QUNN’S NOTE: This is Day 7 of a 7-day Write Yourself Whole journaling class to discover your Inner Heroes and name them. It’s free, but if you want to donate something because you like that idea, there is a donate button on my website.
Previous posts in this series: Day 1: Getting Started details here.
Day 2: Distort and Shrink Inner Critic.
Day 3: Perfectionist Inner Critic.
Day 4: You Are Not Enough Inner Critic.
Day 5: The Story Inner Critic.
Day 6: The Danger Everywhere Inner Critic.
The Scene: Your Inner Critic has a lot of company among your friends and family. If you are like most people, you will recognize this Inner Critic quickly.
You have decided to make a change. Eat more healthy foods, get enough sleep, exercise regularly, stop gossiping. The work is hard, and slow, but it’s paying off. You are feeling better and your friends and family are noticing the change. The next thing that happens surprises you.
The Tactic: Your friends and family begin to give you Change-back signals. “You were more fun when you weren’t so picky about what you ate,” they’ll say. “Let’s go for coffee and a cinnamon roll, you can go back on your diet tomorrow.” Or, “Don’t be such a goody-goody, we aren’t gossiping, you know it’s the truth.”
It’s hard to stick to your plans when your family or friends ask you to change back to the way you were. When you change, you automatically require your friends and family to change. You are different and you behave differently toward them. You also want to be treated in the new way you are working on. But your family and friends don’t want to make the same effort. So they try to get you to change back.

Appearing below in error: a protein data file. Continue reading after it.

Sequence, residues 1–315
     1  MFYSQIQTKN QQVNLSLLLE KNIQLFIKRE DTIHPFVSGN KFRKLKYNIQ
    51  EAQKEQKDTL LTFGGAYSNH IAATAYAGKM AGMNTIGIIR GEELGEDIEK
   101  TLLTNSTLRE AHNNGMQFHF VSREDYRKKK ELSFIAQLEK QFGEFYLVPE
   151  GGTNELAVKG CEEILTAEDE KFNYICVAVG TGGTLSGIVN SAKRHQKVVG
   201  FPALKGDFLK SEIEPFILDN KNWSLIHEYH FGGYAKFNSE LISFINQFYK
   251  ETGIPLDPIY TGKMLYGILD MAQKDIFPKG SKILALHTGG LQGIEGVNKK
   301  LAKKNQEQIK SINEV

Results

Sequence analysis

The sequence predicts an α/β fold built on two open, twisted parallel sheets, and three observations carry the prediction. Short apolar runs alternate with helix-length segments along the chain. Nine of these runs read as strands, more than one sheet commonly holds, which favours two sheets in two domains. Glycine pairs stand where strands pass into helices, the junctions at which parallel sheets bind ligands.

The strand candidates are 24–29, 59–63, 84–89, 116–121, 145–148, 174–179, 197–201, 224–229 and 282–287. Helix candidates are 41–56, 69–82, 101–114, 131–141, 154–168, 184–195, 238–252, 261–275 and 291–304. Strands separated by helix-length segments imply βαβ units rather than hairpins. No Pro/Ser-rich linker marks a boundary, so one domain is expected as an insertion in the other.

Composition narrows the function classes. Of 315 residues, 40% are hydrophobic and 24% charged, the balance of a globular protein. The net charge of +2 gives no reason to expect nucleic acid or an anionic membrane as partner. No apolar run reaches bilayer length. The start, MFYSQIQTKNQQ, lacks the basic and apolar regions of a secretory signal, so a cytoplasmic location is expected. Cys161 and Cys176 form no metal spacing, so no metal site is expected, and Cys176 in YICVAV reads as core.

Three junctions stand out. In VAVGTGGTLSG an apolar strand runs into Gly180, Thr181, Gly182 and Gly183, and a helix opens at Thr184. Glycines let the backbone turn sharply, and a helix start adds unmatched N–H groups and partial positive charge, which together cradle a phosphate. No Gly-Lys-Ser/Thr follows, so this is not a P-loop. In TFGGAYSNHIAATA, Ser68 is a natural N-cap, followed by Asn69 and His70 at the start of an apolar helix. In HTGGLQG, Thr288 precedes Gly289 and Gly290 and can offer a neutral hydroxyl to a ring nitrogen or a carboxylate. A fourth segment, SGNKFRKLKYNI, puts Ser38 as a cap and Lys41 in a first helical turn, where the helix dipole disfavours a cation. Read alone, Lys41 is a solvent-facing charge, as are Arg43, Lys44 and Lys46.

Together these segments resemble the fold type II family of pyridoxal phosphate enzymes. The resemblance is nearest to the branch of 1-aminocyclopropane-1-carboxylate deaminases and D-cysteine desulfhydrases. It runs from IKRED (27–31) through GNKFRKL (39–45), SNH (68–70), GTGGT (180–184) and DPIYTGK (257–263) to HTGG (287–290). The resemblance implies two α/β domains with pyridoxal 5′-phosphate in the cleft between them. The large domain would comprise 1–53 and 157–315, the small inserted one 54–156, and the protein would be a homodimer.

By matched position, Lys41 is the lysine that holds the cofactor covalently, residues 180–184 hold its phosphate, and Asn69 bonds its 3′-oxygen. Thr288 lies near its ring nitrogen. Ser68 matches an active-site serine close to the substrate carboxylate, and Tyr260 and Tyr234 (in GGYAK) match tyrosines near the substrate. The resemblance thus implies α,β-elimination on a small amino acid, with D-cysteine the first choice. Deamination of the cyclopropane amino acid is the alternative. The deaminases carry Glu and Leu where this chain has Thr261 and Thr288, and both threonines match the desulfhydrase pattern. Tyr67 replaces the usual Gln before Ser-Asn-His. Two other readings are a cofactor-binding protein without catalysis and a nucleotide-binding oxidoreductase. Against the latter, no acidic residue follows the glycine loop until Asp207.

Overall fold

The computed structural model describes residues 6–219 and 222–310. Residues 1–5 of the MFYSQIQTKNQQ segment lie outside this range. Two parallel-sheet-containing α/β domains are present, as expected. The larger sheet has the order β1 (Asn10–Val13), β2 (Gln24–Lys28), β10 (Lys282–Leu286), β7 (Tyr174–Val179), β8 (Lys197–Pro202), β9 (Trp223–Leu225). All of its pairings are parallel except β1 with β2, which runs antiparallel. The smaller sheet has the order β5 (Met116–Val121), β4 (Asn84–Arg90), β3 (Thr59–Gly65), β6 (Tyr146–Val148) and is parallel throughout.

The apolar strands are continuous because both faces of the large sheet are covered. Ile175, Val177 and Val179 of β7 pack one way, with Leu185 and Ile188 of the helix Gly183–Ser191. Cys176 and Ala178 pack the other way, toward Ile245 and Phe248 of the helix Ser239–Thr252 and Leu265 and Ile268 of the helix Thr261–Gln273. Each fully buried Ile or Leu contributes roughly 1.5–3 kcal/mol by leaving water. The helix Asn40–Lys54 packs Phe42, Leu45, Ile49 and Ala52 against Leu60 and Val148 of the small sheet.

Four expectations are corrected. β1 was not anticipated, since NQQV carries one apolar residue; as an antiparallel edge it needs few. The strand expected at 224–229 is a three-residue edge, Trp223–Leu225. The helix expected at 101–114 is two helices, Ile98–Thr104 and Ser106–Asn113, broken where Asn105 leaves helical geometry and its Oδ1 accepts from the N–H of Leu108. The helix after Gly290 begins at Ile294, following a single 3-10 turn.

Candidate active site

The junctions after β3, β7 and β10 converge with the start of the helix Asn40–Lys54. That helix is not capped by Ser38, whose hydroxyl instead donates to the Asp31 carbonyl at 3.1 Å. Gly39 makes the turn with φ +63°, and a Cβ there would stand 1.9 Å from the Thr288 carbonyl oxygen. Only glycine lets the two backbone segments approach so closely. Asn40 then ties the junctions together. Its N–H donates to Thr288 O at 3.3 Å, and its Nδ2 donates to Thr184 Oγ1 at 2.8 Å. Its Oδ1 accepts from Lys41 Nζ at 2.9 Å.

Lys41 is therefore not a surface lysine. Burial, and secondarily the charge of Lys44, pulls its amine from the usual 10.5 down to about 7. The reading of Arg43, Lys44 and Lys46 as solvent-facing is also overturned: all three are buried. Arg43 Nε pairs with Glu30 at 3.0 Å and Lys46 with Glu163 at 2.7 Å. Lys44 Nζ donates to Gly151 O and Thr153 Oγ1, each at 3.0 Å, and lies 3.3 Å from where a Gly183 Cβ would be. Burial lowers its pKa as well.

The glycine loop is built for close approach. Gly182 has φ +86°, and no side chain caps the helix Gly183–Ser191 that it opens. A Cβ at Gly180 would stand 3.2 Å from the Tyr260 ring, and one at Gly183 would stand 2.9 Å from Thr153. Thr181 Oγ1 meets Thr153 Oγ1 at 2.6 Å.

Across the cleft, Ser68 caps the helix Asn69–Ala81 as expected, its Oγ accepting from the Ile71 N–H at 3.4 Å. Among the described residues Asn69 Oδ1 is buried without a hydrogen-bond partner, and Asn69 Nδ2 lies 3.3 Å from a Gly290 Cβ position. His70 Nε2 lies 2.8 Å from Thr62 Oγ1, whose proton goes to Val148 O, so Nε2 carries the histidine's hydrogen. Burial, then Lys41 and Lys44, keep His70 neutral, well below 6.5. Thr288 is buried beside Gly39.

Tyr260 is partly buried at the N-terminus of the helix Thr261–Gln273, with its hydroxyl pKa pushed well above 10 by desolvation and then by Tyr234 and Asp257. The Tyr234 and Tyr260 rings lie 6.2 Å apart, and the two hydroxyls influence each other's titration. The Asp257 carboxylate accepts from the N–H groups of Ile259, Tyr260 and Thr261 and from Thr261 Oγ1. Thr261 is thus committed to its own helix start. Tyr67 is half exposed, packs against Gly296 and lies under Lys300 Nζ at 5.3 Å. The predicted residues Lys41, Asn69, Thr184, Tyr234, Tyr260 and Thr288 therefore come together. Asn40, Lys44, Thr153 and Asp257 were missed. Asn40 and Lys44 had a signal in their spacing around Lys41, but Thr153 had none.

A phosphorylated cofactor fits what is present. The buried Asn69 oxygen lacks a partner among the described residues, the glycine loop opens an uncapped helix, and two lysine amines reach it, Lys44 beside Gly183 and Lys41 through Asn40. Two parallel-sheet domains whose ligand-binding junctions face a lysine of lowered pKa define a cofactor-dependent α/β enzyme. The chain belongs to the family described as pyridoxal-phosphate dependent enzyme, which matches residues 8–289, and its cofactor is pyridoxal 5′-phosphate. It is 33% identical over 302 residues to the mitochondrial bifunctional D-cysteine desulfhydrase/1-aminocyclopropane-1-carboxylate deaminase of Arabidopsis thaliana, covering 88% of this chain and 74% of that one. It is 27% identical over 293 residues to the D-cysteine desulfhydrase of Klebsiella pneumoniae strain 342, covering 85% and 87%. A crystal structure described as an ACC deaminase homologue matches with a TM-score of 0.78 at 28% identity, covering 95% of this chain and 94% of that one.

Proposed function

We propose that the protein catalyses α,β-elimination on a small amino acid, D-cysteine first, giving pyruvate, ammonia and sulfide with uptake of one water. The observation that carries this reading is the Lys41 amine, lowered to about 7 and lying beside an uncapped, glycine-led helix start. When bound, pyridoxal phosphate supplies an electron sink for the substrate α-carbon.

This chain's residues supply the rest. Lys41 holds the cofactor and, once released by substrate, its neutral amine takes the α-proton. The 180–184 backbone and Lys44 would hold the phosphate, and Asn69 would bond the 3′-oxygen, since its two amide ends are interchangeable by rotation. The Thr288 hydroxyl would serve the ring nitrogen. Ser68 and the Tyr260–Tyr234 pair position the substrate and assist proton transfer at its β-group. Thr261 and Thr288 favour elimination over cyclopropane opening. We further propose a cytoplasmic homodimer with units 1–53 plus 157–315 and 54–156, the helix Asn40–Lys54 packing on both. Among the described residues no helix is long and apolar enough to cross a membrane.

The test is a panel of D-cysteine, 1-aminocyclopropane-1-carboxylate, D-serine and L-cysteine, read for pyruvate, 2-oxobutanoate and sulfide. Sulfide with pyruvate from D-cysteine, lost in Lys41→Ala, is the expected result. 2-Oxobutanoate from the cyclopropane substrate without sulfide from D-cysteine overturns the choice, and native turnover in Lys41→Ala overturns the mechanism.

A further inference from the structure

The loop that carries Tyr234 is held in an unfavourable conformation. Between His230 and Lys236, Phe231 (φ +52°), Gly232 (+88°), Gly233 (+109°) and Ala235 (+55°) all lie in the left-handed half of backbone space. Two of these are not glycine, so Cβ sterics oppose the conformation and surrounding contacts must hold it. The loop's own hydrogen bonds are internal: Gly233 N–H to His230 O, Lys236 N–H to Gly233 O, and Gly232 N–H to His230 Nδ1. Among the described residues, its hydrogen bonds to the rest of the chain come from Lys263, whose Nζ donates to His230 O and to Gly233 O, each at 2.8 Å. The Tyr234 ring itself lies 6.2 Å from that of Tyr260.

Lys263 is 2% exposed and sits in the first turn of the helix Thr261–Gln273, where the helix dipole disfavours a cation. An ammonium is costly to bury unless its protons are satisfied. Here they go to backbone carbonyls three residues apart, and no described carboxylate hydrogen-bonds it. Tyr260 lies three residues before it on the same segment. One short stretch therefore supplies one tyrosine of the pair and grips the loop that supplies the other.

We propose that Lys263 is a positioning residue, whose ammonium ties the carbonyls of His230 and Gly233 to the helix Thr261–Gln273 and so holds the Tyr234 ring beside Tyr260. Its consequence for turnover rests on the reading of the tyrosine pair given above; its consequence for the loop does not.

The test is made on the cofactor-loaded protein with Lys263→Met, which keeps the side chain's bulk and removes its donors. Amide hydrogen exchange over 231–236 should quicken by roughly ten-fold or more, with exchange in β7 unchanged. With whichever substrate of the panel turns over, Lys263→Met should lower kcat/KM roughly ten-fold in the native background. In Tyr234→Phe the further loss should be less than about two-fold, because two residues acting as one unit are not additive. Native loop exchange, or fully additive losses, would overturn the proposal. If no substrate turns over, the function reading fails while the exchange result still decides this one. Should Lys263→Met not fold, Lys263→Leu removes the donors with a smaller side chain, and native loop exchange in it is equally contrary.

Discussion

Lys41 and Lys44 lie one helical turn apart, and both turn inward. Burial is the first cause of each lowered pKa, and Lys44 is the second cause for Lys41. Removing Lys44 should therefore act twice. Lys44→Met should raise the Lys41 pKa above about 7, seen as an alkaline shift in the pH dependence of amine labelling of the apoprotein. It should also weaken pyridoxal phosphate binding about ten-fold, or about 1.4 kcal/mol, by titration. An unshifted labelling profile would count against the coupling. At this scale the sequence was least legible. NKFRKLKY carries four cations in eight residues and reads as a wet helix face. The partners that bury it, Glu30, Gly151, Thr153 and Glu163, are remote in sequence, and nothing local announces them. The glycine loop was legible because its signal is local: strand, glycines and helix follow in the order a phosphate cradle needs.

Write Yourself Whole Journaling Prompts:
1. Write down the decision you made to change. Add a list of the steps you took to make the change work. Spend 3 minutes writing how proud you are of your achievements.
2. Think of some things to say to show your family how important your changes are to you. (3 minutes). Listen carefully to their answers. If they aren’t supportive, you are learning a lot about them. You already know about yourself.
3. What did it take for you to change? That’s the name of your Inner Hero. It might be a simple name like “Steadfast” or “Certain.” Or you might want to make it more complex, like “One who stands strong in the face of opposition.” Or, if you are more casual, “One who knows poop from pearls. And chooses pearls.”
Moving Ahead: Switch-Back messages are easy to spot. It’s a bit harder to not to feel alone when you get the messages to “come back to the way you were.” Remember your goal. Look at how you reached it. The people who don’t want to help you are not as strong. They are afraid of change. You have already changed.
You may lose some friends, but the ones you keep will be the worthwhile friends. Once you know who they are, support their change, too.
—Quinn McDonald is a creativity coach and writer. She knows it is hard to make change work and how lonely that can be. But not as lonely as not changing. Quinn is a writer, trainer, creativity coach and author of The Inner Hero Creative Art Journal.